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It seems that braids, dreadlocks, twists, and other traditionally black hairstyles have been in a controversial spotlight constantly as of late — whether they’re being banned at schools and workplaces across the country or appropriated by those who, critics say, have no right to claim them. And the latest situation, happening this week in North Yorkshire, England, encompasses it all.
The issue is with Chenise Benson, 13, who was sent home from classes at the George Pindar School on Oct. 20 for allegedly breaking the dress code with her new extensions: bright white, waist-length braids (incorrectly referred to as “dreadlocks” by U.K. media). She got the Beyoncé-inspired box braids for her birthday over a recent school break, according to her father, Darren Benson, who tells SWNS that he paid $170 for the braids, which “will stay in her hair for a year so it won’t be coming out.”
“One of her friends at the school, who has Jamaican heritage, has the same style of haircut but with a red stripe in it rather than white, and she has been allowed to remain,” Benson noted, inferring a double standard was at play for his daughter, who is white. He added, “I’ve read the policy regarding haircuts, and I can’t see what rule she has broken.”
The policy posted to the school’s website says the following: “Please note we do not allow extreme, unnatural hairstyles or coloring. Any hair accessories should be of a practical nature and should not be decorative. If you are in doubt please contact your child’s Tutor at the School. … Please be aware that what is and is not acceptable will be decided by the School in line with this Policy and the School’s decision is final. Please note that in sending your child to George Pindar School that you are
agreeing to ensure your child abides by this policy. If you have any queries or questions regarding any aspect of uniform, jewelry, hairstyle, please could you contact the School.”
No one at the George Pindar School was available to comment on the situation, and a spokesperson told SWNS on Thursday, “It is the first time I have heard about the matter, and obviously, with it being half-term [break], there is no way I can get the full background details about the matter.”
But it seems clear in the school’s policy that the problems with Chenise’s hair are likely that it is “extreme” (at least subjectively) and objectively “unnatural.” Darren Benson, apparently missing the point, told the Daily Mail it was unfair that her black friend could have braids while she could not. “I’m not racist in any shape or form,” he said, “but this is like racism against their own.”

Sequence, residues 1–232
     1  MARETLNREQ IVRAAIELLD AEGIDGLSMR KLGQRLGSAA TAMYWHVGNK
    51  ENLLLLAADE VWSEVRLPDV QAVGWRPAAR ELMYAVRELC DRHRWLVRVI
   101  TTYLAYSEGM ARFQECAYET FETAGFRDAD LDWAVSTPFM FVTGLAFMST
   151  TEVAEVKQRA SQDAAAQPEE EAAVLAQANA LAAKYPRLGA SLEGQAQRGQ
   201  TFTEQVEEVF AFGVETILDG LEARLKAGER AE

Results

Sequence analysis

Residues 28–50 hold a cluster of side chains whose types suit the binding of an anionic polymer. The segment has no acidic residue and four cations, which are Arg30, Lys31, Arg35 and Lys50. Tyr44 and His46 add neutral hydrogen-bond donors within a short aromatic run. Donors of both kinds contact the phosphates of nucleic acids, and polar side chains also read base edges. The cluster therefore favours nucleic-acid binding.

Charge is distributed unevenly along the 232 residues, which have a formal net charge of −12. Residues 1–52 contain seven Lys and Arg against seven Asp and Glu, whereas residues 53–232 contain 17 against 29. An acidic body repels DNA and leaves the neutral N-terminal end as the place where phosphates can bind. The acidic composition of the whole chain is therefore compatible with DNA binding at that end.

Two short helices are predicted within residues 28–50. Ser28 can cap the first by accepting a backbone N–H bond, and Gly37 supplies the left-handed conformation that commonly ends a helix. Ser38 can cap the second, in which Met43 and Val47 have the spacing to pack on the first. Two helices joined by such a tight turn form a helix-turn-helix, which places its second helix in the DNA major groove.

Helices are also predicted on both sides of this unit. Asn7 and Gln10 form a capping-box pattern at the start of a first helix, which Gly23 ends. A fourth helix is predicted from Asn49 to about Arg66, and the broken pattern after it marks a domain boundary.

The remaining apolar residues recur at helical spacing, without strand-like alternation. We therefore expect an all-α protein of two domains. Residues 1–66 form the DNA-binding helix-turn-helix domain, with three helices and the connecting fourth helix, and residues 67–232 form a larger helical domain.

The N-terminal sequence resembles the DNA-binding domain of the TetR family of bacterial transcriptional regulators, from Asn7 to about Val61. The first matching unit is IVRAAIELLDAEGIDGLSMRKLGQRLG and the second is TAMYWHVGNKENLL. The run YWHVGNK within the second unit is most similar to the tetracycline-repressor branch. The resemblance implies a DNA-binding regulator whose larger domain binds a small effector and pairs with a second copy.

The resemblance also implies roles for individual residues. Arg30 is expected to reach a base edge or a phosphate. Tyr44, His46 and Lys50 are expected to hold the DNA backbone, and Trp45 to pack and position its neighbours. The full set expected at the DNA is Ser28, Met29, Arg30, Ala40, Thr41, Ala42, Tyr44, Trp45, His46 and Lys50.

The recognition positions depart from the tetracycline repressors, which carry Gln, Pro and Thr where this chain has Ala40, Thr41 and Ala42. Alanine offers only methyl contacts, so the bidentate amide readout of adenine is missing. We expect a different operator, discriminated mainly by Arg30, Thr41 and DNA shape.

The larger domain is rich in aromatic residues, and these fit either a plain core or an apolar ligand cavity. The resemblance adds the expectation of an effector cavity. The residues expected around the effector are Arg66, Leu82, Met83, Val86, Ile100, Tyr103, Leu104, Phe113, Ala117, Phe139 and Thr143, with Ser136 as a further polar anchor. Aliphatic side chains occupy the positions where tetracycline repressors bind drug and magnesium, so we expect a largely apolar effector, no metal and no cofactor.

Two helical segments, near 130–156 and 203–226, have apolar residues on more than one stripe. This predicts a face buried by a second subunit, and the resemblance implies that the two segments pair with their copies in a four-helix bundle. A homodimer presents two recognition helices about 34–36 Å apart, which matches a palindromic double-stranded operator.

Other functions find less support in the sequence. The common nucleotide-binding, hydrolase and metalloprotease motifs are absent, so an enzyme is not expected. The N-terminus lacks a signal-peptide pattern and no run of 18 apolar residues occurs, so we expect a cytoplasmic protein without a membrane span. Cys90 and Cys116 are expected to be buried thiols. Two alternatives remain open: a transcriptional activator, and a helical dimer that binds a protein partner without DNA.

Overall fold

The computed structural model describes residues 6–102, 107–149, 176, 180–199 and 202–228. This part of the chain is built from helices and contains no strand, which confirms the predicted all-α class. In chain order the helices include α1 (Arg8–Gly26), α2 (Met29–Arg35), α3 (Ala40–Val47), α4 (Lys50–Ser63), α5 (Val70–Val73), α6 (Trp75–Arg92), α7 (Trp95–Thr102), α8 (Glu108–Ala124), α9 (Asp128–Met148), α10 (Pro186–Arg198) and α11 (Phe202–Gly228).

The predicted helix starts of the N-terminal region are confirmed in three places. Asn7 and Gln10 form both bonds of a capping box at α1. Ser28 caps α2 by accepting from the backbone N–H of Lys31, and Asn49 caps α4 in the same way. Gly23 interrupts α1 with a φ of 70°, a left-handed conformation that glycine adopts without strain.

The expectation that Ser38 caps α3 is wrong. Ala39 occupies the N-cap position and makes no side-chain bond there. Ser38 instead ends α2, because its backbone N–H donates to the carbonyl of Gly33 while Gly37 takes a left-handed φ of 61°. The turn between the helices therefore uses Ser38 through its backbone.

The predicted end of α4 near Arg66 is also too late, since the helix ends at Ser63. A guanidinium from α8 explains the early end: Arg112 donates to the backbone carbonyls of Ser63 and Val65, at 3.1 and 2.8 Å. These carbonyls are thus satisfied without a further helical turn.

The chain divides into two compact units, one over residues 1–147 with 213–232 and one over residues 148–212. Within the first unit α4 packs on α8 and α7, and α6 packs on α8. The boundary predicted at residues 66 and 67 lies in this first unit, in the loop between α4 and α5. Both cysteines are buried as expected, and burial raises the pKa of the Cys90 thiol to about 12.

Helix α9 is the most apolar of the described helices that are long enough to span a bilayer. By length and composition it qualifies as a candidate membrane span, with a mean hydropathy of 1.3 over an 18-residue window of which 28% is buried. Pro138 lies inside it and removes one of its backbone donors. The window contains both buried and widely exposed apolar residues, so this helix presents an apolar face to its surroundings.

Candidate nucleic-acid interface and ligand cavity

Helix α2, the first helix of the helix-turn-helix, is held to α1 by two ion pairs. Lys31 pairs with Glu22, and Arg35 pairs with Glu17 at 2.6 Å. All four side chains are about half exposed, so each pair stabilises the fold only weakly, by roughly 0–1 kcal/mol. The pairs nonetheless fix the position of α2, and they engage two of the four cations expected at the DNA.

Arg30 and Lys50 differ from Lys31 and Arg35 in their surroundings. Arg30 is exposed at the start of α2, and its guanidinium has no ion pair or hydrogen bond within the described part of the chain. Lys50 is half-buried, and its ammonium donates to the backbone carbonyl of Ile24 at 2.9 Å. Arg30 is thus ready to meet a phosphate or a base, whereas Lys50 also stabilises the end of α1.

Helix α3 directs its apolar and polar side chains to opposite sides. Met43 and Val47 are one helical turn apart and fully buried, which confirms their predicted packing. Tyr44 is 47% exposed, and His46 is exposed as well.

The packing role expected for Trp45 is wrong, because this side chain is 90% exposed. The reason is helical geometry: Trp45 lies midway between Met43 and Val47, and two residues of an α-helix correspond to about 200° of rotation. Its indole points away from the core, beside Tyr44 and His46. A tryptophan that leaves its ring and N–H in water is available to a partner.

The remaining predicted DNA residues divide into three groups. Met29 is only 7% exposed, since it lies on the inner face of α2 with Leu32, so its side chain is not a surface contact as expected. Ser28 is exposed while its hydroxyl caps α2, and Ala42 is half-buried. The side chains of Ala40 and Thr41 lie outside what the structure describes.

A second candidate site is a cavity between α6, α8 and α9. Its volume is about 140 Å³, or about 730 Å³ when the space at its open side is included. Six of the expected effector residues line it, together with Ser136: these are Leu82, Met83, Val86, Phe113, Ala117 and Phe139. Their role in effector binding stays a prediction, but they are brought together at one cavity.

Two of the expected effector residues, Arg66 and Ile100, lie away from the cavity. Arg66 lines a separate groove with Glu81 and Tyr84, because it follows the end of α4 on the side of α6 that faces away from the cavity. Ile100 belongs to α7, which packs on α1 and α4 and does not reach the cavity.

He went on to say, “Chenise is being picked out here because she’s white — if she was black or mixed-race they wouldn’t have a problem. … Part of me agrees it is over the top, but they are going to get it done whatever, aren’t they? … Chenise is quite dark and tanned anyway, so it doesn’t look too bad. But that’s not the point, is it? I was furious because of the principle of it.” Benson added that his other daughter would be having the same style done as well.
On Facebook, Chenise’s mother, Lindsey Calam, posted that she was shocked by the amount of hubbub around her daughter’s hairstyle, noting, “Wow, never thought this would happen,” and prompting a handful of supporters to note the hairstyle was “beautiful.”
A small smattering of Twitter responses were less forgiving, insulting the teen’s father and noting that the “dreadlocks” were, in fact, “braids … ugly braids at that.” The latter point was causing the most uproar online:
Idk what’s more funny, the fact this white family thinks cultural appropriation is ok or that they’re confidently calling braids dreadlocks https://t.co/kFUD434Jfw
— Bradley (@brxdthomas) October 27, 2016
1) they are braids not dreadlocks 2) wtf was they thinking agreeing to let their child do this ? https://t.co/GNf9UFabvd
— Bella ???? (@bbyvegan) October 27, 2016
What’s worse than you confusing braids for “dreadlocks” is that you were so confident in it you went so far as to capitalize it. WRONG. https://t.co/ClzsHQwUBW
— slim. (@KILAHstaysBASED) October 27, 2016
In any event, stay tuned for an update on the day that Chenise — and her sister — defiantly return to school with their braids intact.